By Nancy S. Jecker
The Director-General of the World Health Organization (WHO) has urged a temporary halt to COVID-19 boosters to enable 10% of the people of every nation to be vaccinated. Despite solid ethical backing for this stance, a spate of countries has gone full steam ahead with booster shots. Israel was the first, offering boosters to people 60 years and up in July 2021 and shortly after, in August 2021, Israel opened the floodgate, offering booster to all vaccinated people. Other nations have followed suit, including Britain, USA, Sweden, United Arab Emirates, Germany, France, and others.
The science surrounding boosters is controversial. Uncertainty exists, especially about the level of neutralizing antibodies needed to protect against COVID-19 . While the science continues to emerge, the ethics is clear: even if a third shots add significant protection against COVID-19, we should hold off on boosting for now.
The imperative to delay boosters gains ground from multiple sources. First, the spectacularly unfair distribution of vaccines around the globe violates our duty to the least well off. As of 6 October 2021, 77% of shots have gone to people in high-income and upper middle-income countries, while just 0.5% delivered to those in low-income countries. The striking divide between rich and poor is a problem of human making. Before vaccines were even shown effective, wealthy countries were hoarding them in a manner that bespeaks astonishing greed. In 2020, 44 bilateral deals between government and industry were struck, and an additional 12 were signed by March 2021. None of these advance market deals were structured to improve outcomes for low- and middle-income countries. Before making the well to do better off, we ought to bring everyone up to a threshold level of protection.
Yet it could be argued that pharmaceutical companies own the product of their labor and thus deserve whatever profit they reap. However this is a preposterous thing to say. In fact, science is a social product. The contributions made by big pharma are limited to the final, translational part of vaccine research and development. The public, principally governments, funds the science on which vaccines are based. Hefty public investments in the ten technologies employed in candidate COVID-19 vaccines contributed substantially to rapid vaccine development during the pandemic. Even if multinational drug companies deserve some profit, their profits are excessive, far more than other large companies. During a global health emergency, their proceeds cost us dearly.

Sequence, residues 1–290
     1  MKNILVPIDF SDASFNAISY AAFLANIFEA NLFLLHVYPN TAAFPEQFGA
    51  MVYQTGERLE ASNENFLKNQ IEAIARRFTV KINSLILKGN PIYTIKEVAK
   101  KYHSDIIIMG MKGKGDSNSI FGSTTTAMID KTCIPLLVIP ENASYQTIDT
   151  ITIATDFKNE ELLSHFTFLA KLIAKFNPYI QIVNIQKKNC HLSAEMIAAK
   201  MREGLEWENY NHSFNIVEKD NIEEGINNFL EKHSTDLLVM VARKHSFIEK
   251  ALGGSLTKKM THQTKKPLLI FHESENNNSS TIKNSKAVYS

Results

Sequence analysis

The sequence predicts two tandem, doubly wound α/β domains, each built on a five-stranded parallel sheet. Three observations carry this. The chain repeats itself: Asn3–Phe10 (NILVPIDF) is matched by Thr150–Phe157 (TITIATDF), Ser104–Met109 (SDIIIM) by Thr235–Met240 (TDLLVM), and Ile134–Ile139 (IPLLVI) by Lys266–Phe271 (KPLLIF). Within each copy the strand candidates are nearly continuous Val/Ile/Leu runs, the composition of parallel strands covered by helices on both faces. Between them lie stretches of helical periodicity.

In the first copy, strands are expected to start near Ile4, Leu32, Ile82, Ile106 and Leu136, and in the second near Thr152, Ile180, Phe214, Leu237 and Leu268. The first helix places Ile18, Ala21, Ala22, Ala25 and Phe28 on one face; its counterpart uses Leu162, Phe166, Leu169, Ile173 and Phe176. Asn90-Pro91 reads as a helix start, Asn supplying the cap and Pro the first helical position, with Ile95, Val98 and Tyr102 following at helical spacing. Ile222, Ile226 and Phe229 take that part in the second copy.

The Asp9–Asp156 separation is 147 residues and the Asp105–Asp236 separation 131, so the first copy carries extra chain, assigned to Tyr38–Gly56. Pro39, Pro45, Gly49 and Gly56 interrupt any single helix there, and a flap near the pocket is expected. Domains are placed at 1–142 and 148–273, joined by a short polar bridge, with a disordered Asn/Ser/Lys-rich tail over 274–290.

From a utilitarian perspective, there is little to quibble with. If our goal is to save the most lives, current vaccine supplies should go to unvaccinated people. If our end is maximizing yield for each dose administered, it is also obvious that boosters make no sense — on the plausible assumption that getting vaccinated increases protection against severe disease and death by >80% (for 6 months minimum) and a booster gives a 10% increase (over a 6-month period), we should follow the Director-general’s good guidance.
Why then do prominent U.S. bioethicists defend boosters? Some appeal to “reasonable nationalism,” putting forth an influenza standard which holds that “when COVID-19 becomes more like a bad influenza season in terms of mortality, other health effects, and public health restrictions—then there is no longer an ethical justification for retaining vaccine doses for country residents.” Yet, this standard is anything but reasonable. What is ethically reasonable is what we have dubbed a fair-minded influenza standard: until COVID-19 resembles a bad influenza season, governments should work cooperatively, sharing vaccines. In other words, if the SARS-CoV-2 virus becomes a background condition of our lives, as scientist predict it will, then and only then does the world’s duty to help vaccinate the world recede.
A fair-minded influenza standard gains ethical backing from the principles noted. It also is in every nation’s self-interest. When the virus runs rampant, it “rolls the dice millions of times and some mutations produce fitter mutants,” potentially placing at risk the very protection vaccines afford. Our global interconnectivity, especially jet travel, collapses boundaries between ‘us’ and ‘them’ during the COVID-19 pandemic. In today’s world, even stubborn nationalism demands global solidarity.
Paper Author: Nancy S. Jecker, Ph.D. and Zohar Lederman, M.D., Ph.D.
Affiliations: Dr. Jecker is affiliated with the University of Washington School of Medicine, Department of Bioethics & Humanities; the University of Johannesburg, Department of Philosophy; and the Chinese University of Hong Kong, Center for Biomedical Ethics & Law. Dr. Lederman is affiliated with the Rambam Health Care Campus, Medical Ethics and Humanities Unit, Haifa, Israel.
Competing interests: None
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